I felt pretty low when I came up the 550 foot climb just before the halfway point. Because of my ankle, I wasn’t able to bomb down the course’s 2.5-mile descent as I had planned and I felt thwarted by my clumsy setback. As I ran through the start/finish area Kanye West’s song “Stronger” blasted out of the speaker system. The robotic, synthesized hook latched onto me and I felt like I had super energy: Work it harder, make it better, do it faster, makes us stronger, more than ever, hour after, our work is never over. It’s amazing what a well-timed song can do for your spirit. Jesse topped off my water bottle and I was in and out of there in 30 seconds heading down the grass straightway for my next lap.
Once I had the first half under my belt, I was able to see the beauty of the trail in full view. I was on my own, not being crowded out by other racers and I soaked in all of the nuances of the Hixon bluffs. As I ran through a handsome stand of Birch trees hanging onto their last golden leaves, narrow trails that clung to gnarly rock outcroppings, and a stark, windy ridgetop prairie, I felt the familiar peace I find in the challenge of the miles contrasted by the beauty of the trail. I zigzagged through the technical switchbacks of the upper Hixon segment and danced around sharp angles by catching myself on young trees and swinging around the turn, protecting my ankle on the fly.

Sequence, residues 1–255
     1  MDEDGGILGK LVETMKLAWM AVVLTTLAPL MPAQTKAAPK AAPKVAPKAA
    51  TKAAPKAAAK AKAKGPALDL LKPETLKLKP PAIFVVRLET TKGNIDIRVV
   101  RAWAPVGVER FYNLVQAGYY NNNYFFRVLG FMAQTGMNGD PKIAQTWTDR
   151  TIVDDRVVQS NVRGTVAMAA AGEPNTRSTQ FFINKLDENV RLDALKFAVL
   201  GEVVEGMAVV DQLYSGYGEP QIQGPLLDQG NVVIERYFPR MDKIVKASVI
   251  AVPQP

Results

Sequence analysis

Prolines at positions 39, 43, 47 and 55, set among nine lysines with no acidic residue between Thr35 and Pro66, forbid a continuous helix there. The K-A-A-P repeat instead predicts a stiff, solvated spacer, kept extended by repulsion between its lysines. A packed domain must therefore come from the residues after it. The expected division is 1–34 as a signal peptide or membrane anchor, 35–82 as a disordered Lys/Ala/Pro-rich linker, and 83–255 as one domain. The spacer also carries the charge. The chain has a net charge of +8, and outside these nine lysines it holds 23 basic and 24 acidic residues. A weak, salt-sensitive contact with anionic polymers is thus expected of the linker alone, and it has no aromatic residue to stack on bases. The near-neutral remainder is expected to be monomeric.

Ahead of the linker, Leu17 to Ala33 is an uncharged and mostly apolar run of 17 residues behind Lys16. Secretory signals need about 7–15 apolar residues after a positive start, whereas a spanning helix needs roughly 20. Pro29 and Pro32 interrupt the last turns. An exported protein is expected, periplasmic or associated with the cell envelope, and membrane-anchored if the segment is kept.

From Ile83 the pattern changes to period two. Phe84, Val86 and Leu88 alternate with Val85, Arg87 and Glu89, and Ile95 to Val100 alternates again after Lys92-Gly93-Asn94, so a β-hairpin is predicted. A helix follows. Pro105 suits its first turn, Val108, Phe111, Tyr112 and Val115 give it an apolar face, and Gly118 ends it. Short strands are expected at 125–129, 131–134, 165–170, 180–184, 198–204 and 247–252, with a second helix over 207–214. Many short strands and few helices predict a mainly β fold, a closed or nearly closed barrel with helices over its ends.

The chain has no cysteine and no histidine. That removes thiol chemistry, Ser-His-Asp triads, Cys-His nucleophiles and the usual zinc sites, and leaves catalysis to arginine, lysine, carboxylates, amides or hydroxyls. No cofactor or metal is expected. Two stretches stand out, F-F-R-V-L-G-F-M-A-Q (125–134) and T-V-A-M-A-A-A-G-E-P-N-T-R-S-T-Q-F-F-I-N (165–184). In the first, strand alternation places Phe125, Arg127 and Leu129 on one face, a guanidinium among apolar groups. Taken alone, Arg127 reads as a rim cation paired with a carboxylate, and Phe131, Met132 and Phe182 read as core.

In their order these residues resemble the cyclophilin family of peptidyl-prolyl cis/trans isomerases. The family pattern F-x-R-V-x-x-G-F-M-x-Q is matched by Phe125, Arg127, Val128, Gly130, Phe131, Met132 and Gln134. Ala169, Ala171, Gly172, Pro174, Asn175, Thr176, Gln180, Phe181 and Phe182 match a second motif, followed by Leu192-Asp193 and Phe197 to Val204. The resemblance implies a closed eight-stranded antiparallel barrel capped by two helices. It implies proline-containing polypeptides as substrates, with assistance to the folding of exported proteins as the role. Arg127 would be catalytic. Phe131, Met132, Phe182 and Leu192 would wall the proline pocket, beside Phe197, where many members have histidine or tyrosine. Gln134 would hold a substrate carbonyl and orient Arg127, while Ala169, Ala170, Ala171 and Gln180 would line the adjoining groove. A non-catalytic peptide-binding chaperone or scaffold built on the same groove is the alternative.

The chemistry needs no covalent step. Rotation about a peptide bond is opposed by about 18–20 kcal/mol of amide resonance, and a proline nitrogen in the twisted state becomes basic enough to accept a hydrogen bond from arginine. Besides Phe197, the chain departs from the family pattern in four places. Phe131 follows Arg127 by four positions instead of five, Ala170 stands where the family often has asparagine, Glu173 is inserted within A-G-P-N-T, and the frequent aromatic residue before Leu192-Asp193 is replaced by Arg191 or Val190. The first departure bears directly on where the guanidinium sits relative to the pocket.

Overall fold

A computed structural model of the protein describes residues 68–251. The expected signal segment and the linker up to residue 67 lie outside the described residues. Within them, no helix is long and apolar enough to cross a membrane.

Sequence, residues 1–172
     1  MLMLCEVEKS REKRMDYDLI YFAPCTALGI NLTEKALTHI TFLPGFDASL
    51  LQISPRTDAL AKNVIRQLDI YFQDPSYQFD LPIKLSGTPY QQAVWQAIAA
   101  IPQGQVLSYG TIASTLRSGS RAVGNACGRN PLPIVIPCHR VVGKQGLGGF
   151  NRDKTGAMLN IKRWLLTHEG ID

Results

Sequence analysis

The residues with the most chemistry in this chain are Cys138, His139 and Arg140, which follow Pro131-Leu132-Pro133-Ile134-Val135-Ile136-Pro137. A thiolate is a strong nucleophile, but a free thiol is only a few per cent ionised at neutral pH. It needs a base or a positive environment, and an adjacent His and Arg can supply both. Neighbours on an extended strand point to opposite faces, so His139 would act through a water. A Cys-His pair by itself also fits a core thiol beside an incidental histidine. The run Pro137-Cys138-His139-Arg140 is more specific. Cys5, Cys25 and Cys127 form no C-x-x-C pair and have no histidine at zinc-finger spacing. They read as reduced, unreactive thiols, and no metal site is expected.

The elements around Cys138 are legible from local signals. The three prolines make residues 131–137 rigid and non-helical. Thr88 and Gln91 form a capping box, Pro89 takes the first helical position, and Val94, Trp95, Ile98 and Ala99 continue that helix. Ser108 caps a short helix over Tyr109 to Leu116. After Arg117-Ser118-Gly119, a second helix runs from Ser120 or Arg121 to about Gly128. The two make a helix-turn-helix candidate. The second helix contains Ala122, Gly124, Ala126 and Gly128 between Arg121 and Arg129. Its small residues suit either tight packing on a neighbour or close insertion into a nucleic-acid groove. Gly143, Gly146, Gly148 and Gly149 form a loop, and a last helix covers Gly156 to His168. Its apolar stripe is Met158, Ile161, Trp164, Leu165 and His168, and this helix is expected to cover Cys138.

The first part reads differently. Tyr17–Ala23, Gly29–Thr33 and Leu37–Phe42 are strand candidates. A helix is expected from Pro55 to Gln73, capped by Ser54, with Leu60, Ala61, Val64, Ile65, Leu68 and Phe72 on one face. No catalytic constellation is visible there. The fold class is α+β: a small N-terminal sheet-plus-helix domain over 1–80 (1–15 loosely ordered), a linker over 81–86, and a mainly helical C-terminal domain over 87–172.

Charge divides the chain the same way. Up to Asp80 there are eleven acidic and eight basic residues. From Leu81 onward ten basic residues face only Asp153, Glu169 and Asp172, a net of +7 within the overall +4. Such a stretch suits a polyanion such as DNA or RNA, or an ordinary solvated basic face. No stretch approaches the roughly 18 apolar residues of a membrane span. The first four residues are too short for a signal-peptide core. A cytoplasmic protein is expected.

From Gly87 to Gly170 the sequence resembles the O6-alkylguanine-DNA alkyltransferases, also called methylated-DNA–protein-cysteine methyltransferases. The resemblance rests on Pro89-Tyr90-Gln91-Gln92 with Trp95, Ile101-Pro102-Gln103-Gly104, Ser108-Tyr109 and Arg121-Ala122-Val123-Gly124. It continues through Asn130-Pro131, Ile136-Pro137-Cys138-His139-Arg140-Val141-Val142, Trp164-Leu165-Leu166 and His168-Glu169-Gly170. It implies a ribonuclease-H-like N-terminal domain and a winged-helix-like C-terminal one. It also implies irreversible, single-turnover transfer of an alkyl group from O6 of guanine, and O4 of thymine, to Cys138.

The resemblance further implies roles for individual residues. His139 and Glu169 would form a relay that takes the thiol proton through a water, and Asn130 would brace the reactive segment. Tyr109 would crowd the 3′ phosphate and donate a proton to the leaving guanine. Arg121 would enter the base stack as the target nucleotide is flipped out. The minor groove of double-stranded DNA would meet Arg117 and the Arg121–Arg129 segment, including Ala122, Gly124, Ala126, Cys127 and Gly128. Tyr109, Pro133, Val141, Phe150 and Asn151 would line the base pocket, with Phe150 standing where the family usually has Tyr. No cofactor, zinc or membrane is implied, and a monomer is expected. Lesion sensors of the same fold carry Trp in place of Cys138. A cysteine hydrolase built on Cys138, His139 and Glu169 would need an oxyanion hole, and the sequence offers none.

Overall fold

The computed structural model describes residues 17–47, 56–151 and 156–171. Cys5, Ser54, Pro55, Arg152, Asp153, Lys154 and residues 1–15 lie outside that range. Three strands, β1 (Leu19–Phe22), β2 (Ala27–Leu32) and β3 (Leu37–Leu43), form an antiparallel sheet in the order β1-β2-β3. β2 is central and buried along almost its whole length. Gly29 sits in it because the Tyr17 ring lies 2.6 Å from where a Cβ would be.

In trail running I’m in endless pursuit of feeling wild. This is why I run and racing evokes the wildest version of myself. Around mile 20 I came up on a young whitetail buck. He stood in the middle of the trail that paralleled mine in the tight labyrinth of single track. I thought he would turn and run away but instead he ran adjacent to me, so close that I could hear his snorting noises as his hooves struck the dirt and leaves. Getting a chance to run with the buck was the most important part of Hixon 50K for me. He made me feel like I was so wild that he wasn’t even afraid of my humanness.
The race finished with a satisfying stride into the finish with plenty of fanfare and the race director even pronounced my name right when he announced my win! I walked away with a bag full of winter running apparel from Saucony and a handmade wrought iron trophy that was clearly made with love. After collapsing in the grass for a few minutes and trading stories with the guys who finished around me, we decided to make our way back home to the kids. Hixon 50K has a standing spot on my race calendar.